In a significant step toward more solid and relevant accounting standards around the world, the International Accounting Standards Board and the Financial Accounting Standards Board have rolled out two joint discussion documents that may indicate where the boards are going in their project to improve and converge their conceptual frameworks.One document, The Objective of Financial Reporting and Qualitative Characteristics and Constraints of Decision-Useful Financial Reporting Information, is a proposal for the first two chapters of the framework. The other is a preliminary views document that suggests directions the board might take on defining the reporting entity.
FASB project manager Jeffrey Johnson said that a cohesive framework is essential to setting comprehensive accounting standards. “Standards set across a double body of standard-setting aren’t going to have integrity unless we have a cohesive framework that we can base them on,” he said, “So we think the first two chapters of the framework — particularly the objectives — set the tone [for the entire framework].”
Johnson said that the two boards approved the proposal unanimously, though Tony Cope, a former member of both boards and now on the corporate disclosure policy council of the CFA Institute Centre, said that within the nuances of the documents are some subtle tugs toward the American and European ways of doing business.
The first chapter of the proposal establishes that an entity’s reporting should be prepared from the entity’s perspective, rather than that of the owners. It declared that the primary user group for general-purpose financial reporting is the present and potential capital providers, though the objective of financial reporting should be “broad enough to encompass all the decisions that equity investors, lenders and other creditors make in their capacity as capital providers, including resource allocation decisions, as well as decisions made to protect and enhance their investments.”
The proposal has elevated the role that stewardship plays in financial reporting, referring to it numerous times in the discussion of the objectives of financial reporting. The change nudges the framework a bit toward the European sense of that responsibility that corporate governors have to stockholders.
“There’s a certain element surrounding these corporate governance issues and how they relate to accounting that has become a little controversial,” Cope said.
In a paragraph titled “Usefulness of Financial Reporting in Assessing Stewardship,” the ED stated that, “Management is accountable to the entity’s capital providers for the custody and safekeeping of the entity’s economic resources and for their efficient and profitable use.”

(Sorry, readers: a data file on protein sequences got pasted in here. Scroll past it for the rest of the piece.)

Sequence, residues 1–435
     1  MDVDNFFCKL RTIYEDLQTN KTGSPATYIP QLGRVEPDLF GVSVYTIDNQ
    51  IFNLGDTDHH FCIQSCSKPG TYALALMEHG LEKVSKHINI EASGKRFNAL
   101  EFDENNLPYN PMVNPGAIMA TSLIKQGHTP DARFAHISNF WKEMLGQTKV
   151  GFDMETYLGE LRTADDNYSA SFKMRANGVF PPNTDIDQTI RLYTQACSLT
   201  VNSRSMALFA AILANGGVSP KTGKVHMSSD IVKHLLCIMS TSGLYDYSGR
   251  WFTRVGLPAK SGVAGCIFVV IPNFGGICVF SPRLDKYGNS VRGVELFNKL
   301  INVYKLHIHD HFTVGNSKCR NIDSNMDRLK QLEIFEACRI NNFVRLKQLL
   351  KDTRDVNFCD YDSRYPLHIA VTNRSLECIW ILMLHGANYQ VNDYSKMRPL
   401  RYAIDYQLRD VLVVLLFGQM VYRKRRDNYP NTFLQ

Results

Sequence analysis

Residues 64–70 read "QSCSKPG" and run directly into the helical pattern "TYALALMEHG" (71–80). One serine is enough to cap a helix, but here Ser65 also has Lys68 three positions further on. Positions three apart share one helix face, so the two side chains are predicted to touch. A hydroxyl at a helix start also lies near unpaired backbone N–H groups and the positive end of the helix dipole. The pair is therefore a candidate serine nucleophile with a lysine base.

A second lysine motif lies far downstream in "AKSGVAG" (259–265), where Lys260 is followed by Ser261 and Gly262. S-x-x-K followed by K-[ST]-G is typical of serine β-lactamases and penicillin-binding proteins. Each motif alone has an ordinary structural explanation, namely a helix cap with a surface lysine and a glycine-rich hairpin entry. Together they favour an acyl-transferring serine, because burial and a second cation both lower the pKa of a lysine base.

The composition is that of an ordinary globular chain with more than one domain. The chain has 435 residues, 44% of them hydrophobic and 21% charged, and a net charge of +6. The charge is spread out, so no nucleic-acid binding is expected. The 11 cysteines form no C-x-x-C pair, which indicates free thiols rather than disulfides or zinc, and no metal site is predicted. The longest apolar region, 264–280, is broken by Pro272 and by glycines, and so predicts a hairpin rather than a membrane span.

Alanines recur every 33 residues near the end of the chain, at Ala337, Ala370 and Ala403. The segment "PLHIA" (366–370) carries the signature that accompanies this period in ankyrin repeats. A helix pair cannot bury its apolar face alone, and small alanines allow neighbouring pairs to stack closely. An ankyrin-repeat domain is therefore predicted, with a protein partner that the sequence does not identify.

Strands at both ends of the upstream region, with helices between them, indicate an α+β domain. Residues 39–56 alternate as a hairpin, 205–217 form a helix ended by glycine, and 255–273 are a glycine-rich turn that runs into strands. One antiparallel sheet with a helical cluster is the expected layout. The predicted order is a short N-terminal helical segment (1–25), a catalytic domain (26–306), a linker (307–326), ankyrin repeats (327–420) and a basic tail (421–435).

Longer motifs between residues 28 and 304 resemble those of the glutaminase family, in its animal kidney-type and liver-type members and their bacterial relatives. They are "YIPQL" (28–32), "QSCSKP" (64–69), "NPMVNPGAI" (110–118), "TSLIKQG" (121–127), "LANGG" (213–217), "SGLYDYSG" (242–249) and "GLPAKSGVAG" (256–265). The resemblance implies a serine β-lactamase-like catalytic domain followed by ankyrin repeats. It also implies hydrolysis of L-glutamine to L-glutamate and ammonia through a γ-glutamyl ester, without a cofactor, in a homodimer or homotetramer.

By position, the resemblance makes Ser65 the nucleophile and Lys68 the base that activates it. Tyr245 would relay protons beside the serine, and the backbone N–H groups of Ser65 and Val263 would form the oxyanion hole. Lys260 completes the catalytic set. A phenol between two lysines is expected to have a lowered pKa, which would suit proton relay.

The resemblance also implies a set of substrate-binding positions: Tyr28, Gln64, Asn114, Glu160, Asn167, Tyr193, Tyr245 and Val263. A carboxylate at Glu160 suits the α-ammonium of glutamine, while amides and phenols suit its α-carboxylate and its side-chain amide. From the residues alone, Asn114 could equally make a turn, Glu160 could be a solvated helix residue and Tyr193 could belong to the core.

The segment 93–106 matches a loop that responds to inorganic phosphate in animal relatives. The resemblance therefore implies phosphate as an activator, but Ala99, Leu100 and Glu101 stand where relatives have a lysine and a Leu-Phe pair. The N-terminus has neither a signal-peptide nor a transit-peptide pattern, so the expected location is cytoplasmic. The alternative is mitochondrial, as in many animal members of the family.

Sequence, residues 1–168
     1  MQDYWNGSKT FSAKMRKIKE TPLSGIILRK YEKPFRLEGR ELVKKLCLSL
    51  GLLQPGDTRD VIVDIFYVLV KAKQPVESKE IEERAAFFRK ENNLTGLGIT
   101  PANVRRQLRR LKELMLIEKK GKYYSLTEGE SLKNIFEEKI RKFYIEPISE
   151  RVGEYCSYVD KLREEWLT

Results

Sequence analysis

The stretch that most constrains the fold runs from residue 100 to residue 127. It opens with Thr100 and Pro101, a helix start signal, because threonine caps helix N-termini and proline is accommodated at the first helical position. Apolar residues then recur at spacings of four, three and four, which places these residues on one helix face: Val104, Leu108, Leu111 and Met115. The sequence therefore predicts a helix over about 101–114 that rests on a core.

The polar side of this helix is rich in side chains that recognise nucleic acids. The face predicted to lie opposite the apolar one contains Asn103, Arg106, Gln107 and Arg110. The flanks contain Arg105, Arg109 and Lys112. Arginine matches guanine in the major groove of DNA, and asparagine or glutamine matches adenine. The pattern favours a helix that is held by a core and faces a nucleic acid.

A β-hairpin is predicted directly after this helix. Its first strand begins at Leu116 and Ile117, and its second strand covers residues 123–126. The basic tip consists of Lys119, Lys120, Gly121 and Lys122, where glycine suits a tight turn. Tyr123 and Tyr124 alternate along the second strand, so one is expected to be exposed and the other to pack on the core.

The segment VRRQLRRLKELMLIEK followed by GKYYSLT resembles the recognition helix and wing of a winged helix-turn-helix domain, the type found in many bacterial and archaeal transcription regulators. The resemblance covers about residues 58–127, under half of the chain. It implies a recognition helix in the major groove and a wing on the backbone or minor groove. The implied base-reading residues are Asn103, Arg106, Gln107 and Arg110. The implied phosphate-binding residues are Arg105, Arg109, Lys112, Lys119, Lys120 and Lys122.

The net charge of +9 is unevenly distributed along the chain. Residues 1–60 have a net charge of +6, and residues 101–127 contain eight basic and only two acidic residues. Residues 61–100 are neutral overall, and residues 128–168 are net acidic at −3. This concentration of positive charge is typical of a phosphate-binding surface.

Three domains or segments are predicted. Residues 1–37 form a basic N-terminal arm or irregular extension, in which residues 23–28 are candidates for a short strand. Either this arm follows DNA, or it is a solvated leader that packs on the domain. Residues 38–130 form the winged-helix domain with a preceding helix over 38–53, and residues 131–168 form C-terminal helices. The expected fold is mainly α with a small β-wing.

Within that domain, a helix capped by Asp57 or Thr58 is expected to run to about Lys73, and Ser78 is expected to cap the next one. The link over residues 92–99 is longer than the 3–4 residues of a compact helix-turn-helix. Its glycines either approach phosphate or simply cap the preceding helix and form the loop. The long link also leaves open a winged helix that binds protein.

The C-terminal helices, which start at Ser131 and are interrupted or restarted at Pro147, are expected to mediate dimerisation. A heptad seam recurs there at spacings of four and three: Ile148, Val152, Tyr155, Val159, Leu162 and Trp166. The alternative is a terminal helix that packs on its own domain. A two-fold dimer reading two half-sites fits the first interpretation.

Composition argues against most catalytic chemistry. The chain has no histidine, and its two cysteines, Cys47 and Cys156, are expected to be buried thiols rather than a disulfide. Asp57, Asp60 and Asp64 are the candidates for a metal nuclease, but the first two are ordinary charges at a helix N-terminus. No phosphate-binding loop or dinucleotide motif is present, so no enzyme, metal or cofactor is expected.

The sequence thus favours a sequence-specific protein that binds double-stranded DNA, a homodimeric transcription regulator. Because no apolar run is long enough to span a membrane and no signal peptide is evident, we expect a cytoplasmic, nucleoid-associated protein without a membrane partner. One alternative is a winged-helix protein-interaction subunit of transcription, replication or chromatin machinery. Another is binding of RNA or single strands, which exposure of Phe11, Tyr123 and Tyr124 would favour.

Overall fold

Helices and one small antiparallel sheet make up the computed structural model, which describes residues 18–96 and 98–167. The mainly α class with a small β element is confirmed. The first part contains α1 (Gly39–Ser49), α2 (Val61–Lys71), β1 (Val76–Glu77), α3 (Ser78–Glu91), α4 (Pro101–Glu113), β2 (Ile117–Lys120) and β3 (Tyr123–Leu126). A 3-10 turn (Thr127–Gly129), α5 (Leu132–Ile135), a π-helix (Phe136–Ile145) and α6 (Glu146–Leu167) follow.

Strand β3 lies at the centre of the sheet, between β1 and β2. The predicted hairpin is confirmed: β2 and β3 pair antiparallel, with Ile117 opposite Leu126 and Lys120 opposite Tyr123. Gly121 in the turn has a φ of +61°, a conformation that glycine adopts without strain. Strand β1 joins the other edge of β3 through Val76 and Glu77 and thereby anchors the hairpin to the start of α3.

The second chapter of the proposal describes the qualitative characteristics that make financial information useful.
It distinguishes two groups of complementary concepts: the fundamental concepts of relevance and faithful representation, and the enhancing concepts of comparability, verifiability, timeliness and understandability. The characteristics also include two pervasive constraints: materiality and cost.
In a change from a preliminary views document that was issued in July of 2006, the boards decided that verifiability should be a distinct characteristic, rather than an element of faithful representation. Reacting to comments received from constituents, they agreed that information could be faithfully represented without being verified.
QUESTIONS OF CONTROL
The second document that FASB and the IASB issued is a preliminary views document on the nature of the reporting entity. One big question it broaches is whether “reporting entity” should be defined precisely. Another is whether a reporting entity needs to be, by definition, a legal entity.
The boards’ preliminary views lean a bit toward Europe’s tendency to use principles, rather than the prescriptive rules preferred by the Securities and Exchange Commission. They tentatively suggested a broad description of the reporting entity, rather than a precise definition, and that description would not be restricted to business activities that are legal entities.
The questions become especially difficult when they relate to groups of entities and the boundaries and relationships between them. Control seems to be the underlying issue, and the boards have considered three models of control: controlling entity, common control, and risk and rewards. The boards are leaning toward using the controlling entity as the primary basis for determining the composition of a group of entities. They also tend to believe that consolidated financial statements should be presented from the perspective of the group reporting entity, not that of the parent company’s shareholders.
Cope believes that any controversies over the documents will be over nuances, though later in the project, discussions over measurement and fair value versus historic cost promise to become more heated.
Predicted Cope, “The battles will come when we get further into the potential framework and start dealing with the more contentious issues, particularly where there are gaps in the frameworks.”
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